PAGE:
Apr 12

It Isn’t Fair But It Is Good

We’d gone in search of lavender fleece.  We came home with jewelry making supplies, three unpainted birdhouses in need of jazz, and half a yard of turquoise fleece for, “You know, mom….  more projects.”

The idea was that each of us would paint a birdhouse.

Will and Jen are coming out of that blissful phase of thinking everything they do is fantastic.  They are starting to compare their creations to others.  But for right now they still relish the act of creating.  That means they get out the paints, sit down on the floor and go to it.

Without a plan.

Without first sketching, erasing, sketching again or starting over. Continue reading →

Feb 12

On White Knuckles and Comfort Levels

white knuckle drivingA semi hauling gasoline was in front, another semi was behind, and we were crawling along a snow-packed two-lane road under heavy cloud cover and falling snow.

My hands were at 10 o’clock and 2 o’clock on the steering wheel.  The tunes weren’t blaring like they are when the roads are dry.

“Will, honey, I can’t talk right now.  I need to concentrate on these roads.”

The snow kept falling.

The skies stayed gray. Continue reading →

Jan 12

A Work In Progress

I am a work in progress and so is this blog.

First, some chronology to set the stage:

5 1/2 years ago –  Stuff three boxes, buckle two young kids into car seats, leave husband,  nice house, financially secure future, perpetual stomach aches and nicest yard* I’ll ever tend.

5 years, 5 months ago – Discover NPD and naively present the concept to narcissistic husband and helplessly watch as message falls on deaf ears.

5 years, 3 months ago – Buy tiny, cozy, safe home for the three of us.  Put holes in walls, roll in grass that is never fertilized, refuse to make beds, leave projects out in plain sight, smile and laugh every day.

4 years, 4 months ago – Youngest starts public school.  Take a temporary, part-time job with family.  Rush between commitments like every other family in the U.S.  Stomach aches start to make a reappearance.

4 years ago – Divorce is finalized. Kids seem to be coping well with divorce, not so well with public school. Continue reading →

Nov 11

What Do You Need To Be Happy?

I could have said, “Geez you guys!  I can’t handle this stuff laying around everywhere!”

I could have said, “I want more time to do what I love, instead of having to pick up after you two!”

I could have said, “I need a break from this mess!”

I could have said a number of things, but while I was washing off the metaphorical dirt in the shower, I hatched a better plan.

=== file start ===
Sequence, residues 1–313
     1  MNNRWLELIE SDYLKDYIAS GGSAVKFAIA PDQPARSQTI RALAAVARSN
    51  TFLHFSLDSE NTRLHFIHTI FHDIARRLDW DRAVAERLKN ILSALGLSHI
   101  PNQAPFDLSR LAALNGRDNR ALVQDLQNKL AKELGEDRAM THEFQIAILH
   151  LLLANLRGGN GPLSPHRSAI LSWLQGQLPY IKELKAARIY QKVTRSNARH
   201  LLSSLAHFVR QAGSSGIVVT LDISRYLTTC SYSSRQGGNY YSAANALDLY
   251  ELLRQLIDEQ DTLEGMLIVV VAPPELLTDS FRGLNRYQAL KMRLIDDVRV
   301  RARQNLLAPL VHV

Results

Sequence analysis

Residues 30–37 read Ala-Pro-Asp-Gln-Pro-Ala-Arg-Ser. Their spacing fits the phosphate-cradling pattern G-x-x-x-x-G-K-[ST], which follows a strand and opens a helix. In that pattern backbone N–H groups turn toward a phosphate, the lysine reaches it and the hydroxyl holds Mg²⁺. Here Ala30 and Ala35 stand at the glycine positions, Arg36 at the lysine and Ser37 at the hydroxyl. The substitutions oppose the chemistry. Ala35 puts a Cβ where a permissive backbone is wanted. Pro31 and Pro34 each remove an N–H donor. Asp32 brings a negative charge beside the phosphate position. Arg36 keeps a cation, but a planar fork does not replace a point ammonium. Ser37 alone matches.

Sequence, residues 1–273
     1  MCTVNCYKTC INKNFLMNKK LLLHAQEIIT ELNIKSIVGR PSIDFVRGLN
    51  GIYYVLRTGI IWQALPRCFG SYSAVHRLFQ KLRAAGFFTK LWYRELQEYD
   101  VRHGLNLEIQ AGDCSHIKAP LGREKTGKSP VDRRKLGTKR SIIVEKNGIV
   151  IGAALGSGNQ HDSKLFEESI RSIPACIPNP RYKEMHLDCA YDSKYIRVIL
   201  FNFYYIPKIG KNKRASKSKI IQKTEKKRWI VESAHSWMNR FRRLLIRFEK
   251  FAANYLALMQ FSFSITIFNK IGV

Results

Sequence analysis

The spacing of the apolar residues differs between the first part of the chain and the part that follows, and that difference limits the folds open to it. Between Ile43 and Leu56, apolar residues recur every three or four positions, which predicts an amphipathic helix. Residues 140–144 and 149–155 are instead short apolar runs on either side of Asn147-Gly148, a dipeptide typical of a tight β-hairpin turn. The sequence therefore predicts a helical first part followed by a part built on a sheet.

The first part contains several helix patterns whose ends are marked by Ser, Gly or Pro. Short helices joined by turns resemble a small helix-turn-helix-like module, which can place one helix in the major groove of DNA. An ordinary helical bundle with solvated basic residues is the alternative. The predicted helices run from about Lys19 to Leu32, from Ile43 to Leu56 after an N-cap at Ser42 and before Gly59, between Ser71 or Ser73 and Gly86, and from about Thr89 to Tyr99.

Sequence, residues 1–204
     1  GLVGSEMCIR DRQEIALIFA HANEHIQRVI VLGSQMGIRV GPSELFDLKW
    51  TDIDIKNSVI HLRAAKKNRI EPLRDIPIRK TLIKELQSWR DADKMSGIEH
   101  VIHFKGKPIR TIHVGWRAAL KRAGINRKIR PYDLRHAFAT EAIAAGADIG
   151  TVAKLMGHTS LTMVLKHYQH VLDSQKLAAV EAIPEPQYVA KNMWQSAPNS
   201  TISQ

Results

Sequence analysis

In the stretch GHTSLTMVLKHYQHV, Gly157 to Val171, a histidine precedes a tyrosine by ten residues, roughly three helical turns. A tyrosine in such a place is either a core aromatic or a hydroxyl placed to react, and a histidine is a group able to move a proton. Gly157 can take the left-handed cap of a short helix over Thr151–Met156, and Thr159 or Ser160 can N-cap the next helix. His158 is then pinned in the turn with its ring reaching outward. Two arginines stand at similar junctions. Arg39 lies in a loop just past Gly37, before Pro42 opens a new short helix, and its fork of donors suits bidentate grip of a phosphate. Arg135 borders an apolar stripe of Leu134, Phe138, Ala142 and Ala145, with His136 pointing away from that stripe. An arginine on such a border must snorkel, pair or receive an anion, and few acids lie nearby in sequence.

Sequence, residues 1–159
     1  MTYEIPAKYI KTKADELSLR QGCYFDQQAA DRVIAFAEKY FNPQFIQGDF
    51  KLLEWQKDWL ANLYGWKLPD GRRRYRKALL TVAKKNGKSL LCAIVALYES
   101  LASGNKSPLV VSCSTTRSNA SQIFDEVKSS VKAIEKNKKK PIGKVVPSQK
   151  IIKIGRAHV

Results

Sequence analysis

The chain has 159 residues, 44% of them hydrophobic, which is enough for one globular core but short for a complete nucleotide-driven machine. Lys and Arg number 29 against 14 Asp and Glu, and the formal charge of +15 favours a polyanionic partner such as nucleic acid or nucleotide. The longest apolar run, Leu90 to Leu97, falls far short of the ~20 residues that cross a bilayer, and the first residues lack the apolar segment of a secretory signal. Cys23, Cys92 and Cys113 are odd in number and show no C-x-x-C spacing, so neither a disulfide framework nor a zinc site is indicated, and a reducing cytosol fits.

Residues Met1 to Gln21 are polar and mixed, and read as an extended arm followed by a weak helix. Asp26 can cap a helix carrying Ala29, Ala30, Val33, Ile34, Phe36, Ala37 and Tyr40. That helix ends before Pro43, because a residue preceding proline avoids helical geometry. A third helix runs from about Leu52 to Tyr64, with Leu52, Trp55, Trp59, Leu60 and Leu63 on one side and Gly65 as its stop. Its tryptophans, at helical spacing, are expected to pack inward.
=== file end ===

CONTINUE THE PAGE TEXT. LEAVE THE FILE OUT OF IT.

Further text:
It went something like this:

Take out a piece of paper. Continue reading →

Nov 11

The Impact of Attitude

The longer I live, the more I realize the impact of attitude on life. Attitude, to me, is more important than facts. It is more important than the past, than education, than money, than circumstances, than failures, than successes, than what other people think or say or do. It is more important than appearance, giftedness, or skill. It will make or break a company … a church … a home. The remarkable thing is we have a choice every day regarding the attitude we will embrace for that day. We cannot change the inevitable. The only thing we can do is play on the one string we have, and that is our attitude … I am convinced that life is 10% what happens to me, and 90% how I react to it.
And so it is with you … we are in charge of our Attitudes.
C. Swindoll*

I have a choice.

I could wake this morning, annoyed that winter is on its way, and I’ll soon be shoveling walks and hauling firewood; or I could appreciate the built-in exercise routine that doesn’t require a monthly health club fee.

I could be angry that I am a single mom with full responsibility for raising two kids by myself; or I could appreciate how fortunate I am that they are with me 98 percent of the time.

I could be missing the much nicer house we used to live in, and the lack of money worries; or I could appreciate that this home is full of love and comfort, and my kids have learned valuable lessons that come from living within our means.

I could be annoyed by the mess from the English Muffins and coffee makings; or I could appreciate that they can make their own breakfast, and make me a cup while they’re at it.

I could be anxious that I’m single and 49; or I could revel in the sheer joy of being single and 49.

I could be worried about what the future holds, and whether I’ll benefit from the choices I’m making; or I could trust that the level of contentment I see in the three of us is a good indication that we are headed in the right direction.

I could be cranky about having started a bathroom remodel when I know next to nothing about such things; or I could turn this into a homeschool project where all three of us learn in the process.

I could bark at the kids when I can’t handle the mess; or I could acknowledge that this is their house, too, and gently ask them to help when I feel overwhelmed.



I could choose to see what is wrong in our life and our choices; or I could choose to see what is right.

I can choose to wake with a positive attitude and greet my two with a smile and a kind voice that gets the day off to a good start.

I have a choice.

*Thank you, Kate.  ;)

Nov 11

Around the Corner

old-faithfulThe car was stocked with corn nuts, sunflower seeds, pretzels, waters and grapes. (I forgot the Fritos.)  Kids had their papers and pens for marking off which animals they might see. The tank was full of gas and the heat was cranked.